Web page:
Many Houston residents are familiar with medical centers run by the government. Active duty military and veterans use these hospitals for their medical needs. Most would likely agree that these citizens deserve to have medical care that is up to the highest standards. Unfortunately, however, this is now always the case, and the care they receive can be substandard, as is the case when there is a failure to treat an emergency.
An army medical center was recently accused of medical malpractice and has agreed to pay $9 million to the affected family. A woman who had a medical history that included a high risk of a uterine rupture went to the Tripler Army Medical Center to deliver her baby. She was seen by an inexperienced physician who was in her first year of residency. The woman's uterus ruptured and the physician allegedly failed to call for help. A nurse eventually realized what was happening and called for help from a more experienced physician. Because of the time it took to get help the baby was without oxygen for a period of time and now suffers from brain damage and cerebral palsy. The baby is permanently disabled and will need around the clock care for the rest of his life.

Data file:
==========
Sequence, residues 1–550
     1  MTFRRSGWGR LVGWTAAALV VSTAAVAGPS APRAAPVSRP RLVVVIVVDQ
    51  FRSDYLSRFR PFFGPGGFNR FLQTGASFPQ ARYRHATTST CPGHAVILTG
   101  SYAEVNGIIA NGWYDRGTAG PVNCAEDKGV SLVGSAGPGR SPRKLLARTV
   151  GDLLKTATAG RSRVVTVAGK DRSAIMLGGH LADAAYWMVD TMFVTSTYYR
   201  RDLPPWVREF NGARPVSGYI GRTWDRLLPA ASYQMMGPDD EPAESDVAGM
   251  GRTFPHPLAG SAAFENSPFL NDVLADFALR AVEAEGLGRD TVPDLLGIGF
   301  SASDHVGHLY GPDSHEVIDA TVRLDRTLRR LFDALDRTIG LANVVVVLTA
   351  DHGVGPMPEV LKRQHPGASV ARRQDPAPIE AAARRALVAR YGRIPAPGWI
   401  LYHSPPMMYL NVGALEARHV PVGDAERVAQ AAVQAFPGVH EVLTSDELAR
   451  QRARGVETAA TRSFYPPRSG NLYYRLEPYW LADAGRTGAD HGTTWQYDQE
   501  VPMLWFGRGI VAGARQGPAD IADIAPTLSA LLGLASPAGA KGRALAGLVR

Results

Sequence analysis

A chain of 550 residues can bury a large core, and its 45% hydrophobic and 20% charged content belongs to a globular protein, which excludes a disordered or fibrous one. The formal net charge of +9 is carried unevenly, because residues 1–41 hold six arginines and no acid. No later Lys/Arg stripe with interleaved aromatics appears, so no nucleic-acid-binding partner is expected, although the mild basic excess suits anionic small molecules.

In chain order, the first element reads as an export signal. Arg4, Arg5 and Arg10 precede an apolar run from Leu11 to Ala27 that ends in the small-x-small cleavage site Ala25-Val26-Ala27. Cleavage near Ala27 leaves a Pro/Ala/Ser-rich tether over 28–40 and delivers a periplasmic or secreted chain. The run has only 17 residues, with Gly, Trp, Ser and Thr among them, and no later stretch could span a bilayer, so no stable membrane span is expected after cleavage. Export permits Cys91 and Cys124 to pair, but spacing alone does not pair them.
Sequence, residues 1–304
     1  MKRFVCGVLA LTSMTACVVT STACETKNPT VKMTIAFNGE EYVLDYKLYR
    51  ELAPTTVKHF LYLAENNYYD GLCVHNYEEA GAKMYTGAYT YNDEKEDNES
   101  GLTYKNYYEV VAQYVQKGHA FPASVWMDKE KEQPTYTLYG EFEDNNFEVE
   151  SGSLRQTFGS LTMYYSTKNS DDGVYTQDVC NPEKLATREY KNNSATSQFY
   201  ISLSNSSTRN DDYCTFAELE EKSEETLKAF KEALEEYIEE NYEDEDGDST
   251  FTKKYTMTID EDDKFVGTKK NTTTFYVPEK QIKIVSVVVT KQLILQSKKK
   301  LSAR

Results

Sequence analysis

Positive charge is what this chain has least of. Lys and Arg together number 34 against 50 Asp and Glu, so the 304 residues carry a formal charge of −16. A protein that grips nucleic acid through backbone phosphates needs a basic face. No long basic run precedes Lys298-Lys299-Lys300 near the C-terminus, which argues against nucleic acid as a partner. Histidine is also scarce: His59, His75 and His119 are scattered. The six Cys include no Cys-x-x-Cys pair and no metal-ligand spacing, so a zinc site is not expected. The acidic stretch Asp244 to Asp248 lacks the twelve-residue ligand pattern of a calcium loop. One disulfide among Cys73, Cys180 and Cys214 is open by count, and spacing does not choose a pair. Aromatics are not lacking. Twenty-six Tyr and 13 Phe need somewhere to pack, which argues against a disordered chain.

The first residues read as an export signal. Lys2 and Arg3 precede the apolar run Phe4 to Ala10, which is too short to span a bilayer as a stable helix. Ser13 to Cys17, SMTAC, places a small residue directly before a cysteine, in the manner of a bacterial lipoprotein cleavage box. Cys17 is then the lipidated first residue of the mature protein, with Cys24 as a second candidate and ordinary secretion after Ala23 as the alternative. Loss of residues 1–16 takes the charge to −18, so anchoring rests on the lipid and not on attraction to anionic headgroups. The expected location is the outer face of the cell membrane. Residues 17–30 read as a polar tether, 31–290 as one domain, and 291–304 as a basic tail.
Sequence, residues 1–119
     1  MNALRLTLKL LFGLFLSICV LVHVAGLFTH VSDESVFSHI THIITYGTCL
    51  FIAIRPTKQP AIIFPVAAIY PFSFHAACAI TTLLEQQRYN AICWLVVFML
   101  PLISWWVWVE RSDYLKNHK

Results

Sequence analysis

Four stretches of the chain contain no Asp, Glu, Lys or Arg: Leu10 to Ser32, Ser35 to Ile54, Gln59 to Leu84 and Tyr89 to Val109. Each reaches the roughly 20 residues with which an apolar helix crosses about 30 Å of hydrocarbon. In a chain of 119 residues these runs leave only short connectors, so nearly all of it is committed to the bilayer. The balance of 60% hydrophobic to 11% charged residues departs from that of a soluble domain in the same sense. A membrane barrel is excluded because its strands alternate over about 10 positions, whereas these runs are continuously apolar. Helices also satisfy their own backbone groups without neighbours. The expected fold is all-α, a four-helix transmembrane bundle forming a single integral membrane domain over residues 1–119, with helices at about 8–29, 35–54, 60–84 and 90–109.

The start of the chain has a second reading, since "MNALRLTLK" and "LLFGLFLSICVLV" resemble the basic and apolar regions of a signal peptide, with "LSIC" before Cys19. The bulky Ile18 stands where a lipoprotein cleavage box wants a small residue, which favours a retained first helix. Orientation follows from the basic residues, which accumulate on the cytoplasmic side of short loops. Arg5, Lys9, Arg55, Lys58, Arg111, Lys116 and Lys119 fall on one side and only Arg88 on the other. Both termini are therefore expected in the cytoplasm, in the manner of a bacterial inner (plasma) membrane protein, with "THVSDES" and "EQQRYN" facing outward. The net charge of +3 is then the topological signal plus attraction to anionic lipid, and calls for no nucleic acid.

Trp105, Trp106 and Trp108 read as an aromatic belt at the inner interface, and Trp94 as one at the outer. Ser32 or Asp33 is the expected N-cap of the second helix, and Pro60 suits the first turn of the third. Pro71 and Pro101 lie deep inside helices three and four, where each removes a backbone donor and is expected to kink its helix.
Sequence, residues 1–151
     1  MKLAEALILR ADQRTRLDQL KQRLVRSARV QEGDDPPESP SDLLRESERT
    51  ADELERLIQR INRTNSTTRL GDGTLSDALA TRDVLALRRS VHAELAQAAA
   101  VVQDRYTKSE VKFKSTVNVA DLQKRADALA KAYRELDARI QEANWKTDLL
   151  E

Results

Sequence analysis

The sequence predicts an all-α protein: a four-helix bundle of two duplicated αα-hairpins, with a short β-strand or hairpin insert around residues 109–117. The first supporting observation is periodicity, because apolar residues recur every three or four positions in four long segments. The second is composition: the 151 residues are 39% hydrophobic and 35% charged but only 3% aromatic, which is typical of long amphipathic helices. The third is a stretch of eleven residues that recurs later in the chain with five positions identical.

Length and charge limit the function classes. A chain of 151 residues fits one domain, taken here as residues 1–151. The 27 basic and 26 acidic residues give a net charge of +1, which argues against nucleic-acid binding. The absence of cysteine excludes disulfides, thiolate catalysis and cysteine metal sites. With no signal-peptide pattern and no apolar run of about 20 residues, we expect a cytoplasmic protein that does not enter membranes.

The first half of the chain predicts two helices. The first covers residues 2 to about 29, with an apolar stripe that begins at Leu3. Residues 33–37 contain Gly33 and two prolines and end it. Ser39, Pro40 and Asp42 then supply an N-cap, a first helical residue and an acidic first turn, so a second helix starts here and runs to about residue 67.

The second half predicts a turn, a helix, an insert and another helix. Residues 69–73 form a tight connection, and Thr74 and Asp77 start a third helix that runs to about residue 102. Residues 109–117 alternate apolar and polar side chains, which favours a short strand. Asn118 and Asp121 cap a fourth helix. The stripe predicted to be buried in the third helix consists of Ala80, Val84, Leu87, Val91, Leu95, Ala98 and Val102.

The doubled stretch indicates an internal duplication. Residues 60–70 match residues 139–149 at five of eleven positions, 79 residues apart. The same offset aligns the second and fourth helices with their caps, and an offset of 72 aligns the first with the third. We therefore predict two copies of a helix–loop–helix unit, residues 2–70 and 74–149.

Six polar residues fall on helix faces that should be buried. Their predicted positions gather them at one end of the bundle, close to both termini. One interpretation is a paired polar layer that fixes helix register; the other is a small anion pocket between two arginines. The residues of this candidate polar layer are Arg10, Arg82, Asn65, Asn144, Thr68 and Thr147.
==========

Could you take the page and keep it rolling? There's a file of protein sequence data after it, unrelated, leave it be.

When a patient has a known medical condition it is important that they receive expert medical care familiar with their medical history. The birth of a baby is an exciting time for families. Sadly, however, birth injuries can occur, leaving the baby permanently disabled and the families wondering what went wrong. A legal professional skilled in medical malpractice can help the family get the answers they deserve. They can review medical records, consult with medical experts and determine what went wrong and who is at fault. Compensation may be available for medical expenses, pain and suffering and other damages.
Substandard care at government medical facilities should not be happening in the United States. It is important to hold these physicians accountable for their mistakes so that others are not harmed.
Source: khon2.com, "Triple to pay $9 million in medical malpractice settlement", Feb. 5, 2016